Are Annual Exams Really Necessary?

I hear it at least every week, if not more.  “My doctor gave me a clean bill of health.”  OK.  So maybe the annual battery of tests and exams didn’t reveal any serious underlying diseases, but that hardly equates to being healthy.  Unfortunately, we’ve become so accustomed to physical exams, even the insurance companies consider them “preventive care.”  The chief cited rationale is that the annual offers a regular opportunity to address risk factors and health or life concerns.  There may be some truth to this, but both insurance companies and doctors could be doing so much more to provide preventive care for patients.

“There’s little evidence that a routine physical exam and a standard 20-30 item chemical panel improve outcomes,” said Allan Goroll, MACP, a professor of medicine at Harvard Medical School and practicing general internist.  In 1979, a Canadian government task force officially recommended giving up the standard head-to-toe annual physical based on studies showing it to be “nonspecific,” “inefficient” and “potentially harmful,” replacing it instead with a small number of periodic screening tests, which depend in part on a patient’s risk factors for illness.  Yet, doctors and patients both continue to be dependent on “screening tests” that are thought to rack up an unnecessary cost of $325 million annually.

Instead of strictly focusing on “disease prevention”, our model of healthcare needs to move in the direction of teaching people how to be healthy.  It’s great if your test results are “normal”, but what changes can you be making to truly improve your health?  As doctors, we need to make it a point to not give people a false sense of security by sticking to the current standards of the annual physical exam.  This only reinforces bad habits, and most likely makes people more prone to chronic disease in the long-run.  As more and more doctors begin to move away from testing and towards individualized lifestyle counseling, patients will come to expect this with their annual exams, hopefully changing the standards altogether.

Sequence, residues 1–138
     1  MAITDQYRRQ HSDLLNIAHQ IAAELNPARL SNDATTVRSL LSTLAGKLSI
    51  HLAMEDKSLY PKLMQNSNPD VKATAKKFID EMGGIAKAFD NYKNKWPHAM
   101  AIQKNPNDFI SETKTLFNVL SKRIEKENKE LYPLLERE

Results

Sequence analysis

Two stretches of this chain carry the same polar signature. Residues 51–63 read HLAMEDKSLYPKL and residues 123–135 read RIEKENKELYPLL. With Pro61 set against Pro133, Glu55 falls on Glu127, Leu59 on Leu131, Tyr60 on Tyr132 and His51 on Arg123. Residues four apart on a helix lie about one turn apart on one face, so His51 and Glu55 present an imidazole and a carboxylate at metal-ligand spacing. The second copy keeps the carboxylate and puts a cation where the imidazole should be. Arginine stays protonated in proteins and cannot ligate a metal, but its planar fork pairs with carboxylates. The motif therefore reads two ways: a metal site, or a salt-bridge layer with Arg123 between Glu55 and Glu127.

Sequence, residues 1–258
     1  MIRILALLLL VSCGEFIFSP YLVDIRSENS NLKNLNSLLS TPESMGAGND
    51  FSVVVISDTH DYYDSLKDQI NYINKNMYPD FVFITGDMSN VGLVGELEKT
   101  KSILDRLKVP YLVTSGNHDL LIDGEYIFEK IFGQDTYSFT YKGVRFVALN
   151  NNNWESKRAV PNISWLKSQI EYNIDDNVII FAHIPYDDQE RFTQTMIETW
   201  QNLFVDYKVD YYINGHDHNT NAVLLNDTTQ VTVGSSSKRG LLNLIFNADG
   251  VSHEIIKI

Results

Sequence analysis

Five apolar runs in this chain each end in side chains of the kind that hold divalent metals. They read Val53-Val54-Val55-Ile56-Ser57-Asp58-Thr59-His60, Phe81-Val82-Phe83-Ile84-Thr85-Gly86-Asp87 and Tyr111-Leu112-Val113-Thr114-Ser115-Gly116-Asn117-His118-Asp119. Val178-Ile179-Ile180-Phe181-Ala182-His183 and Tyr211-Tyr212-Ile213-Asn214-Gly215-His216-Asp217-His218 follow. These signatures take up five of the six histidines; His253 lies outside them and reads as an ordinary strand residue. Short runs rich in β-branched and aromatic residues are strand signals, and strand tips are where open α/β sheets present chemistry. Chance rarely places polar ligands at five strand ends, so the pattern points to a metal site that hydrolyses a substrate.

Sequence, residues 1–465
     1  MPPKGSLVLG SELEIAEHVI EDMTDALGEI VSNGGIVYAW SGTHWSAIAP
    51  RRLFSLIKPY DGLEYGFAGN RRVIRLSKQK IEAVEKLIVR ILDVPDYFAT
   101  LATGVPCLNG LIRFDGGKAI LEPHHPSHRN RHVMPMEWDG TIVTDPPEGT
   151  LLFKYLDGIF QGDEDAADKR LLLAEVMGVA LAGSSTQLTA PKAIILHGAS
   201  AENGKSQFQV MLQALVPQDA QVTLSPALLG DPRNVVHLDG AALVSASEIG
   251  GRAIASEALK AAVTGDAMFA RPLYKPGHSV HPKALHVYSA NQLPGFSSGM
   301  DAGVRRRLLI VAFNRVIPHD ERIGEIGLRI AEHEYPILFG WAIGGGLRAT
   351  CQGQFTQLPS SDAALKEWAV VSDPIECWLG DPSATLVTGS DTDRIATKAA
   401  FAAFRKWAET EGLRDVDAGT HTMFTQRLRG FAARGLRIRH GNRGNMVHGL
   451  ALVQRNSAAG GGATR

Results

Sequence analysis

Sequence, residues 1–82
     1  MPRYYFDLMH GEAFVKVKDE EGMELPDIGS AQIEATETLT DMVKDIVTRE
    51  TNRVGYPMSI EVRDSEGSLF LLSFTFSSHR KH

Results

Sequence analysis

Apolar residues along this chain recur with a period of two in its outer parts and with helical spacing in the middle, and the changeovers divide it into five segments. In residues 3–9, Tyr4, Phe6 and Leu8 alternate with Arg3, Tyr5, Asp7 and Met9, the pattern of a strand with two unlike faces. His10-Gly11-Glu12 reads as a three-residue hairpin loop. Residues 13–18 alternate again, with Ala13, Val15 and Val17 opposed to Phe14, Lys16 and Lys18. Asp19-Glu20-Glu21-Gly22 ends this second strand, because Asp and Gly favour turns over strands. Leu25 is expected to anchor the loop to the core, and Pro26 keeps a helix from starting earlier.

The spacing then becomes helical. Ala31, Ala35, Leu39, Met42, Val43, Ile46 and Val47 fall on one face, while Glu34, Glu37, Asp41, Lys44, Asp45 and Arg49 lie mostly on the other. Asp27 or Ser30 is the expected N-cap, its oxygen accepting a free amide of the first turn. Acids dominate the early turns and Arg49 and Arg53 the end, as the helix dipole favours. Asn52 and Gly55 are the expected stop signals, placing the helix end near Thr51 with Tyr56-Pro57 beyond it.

But that’s not what happens in many primary care practices, Dr. Prochazka and fellow researchers found in a 2005 survey published in Archives of Internal Medicine. Nearly half of the physician respondents, despite evidence to the contrary, still believed in annual mammography, lipid panels, blood glucose levels, CBCs and urinalysis.

“In general, there’s a bit of a disconnect,” he said. “Many patients wish for tests and think that’s what a physical actually means. And many physicians think that the traditional annual is necessary and of proven value.”

Ateev Mehrotra, an assistant professor at the University of Pittsburgh School of Medicine, has estimated that unneeded blood tests during physical exams alone cost $325 million annually.  And the over-screening for some occurs in a country where 50 million people are uninsured and receive little medical attention. More than half of uninsured adults in the United States did not see a doctor in 2010. Fifty percent of Americans are not up to date with the few screening tests that are recommended — like a colonoscopy once every 10 years for those over 50 — because of high costs, said Karen Davis, president of the Commonwealth Fund.

Intensive screening can prove useless for a number of reasons, experts say: Tests can have high rates of “false positives,” signaling that there may be disease, when further tests and procedures reveal none. Likewise, they can screen for conditions where early detection does not alter the course of the disease, either because the body might heal itself or because there are no effective remedies. In either case they can lead to aggressive procedures to clarify the diagnosis or provide treatment, which themselves can be harmful.

Ultimately, I think broader policy changes will need to be made to allow doctors the freedom to spend more time with their patients, especially since most insurance companies determine the definition of “preventive” services.  But if doctors can start emphasizing that “healthy” involves far more than just normal blood results, I expect that great progress will be made in our health care system.